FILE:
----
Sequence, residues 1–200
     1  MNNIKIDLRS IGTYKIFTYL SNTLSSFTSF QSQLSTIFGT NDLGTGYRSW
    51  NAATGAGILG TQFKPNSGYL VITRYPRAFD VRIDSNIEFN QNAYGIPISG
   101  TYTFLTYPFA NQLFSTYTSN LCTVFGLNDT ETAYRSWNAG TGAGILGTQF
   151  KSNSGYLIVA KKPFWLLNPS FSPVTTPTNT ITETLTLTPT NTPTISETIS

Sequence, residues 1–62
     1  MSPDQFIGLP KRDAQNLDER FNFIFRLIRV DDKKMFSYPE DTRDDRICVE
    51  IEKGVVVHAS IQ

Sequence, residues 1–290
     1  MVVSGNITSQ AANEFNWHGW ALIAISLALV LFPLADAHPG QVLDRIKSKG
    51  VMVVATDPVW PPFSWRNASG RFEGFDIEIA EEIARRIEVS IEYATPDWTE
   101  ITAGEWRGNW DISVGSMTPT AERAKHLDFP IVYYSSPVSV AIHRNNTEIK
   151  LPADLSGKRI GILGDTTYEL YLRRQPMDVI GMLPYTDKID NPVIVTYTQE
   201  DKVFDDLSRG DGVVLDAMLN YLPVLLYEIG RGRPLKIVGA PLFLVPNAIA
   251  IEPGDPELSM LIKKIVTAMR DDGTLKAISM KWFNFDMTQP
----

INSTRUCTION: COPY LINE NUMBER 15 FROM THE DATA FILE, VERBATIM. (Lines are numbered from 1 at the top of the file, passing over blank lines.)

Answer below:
   251  IEPGDPELSM LIKKIVTAMR DDGTLKAISM KWFNFDMTQP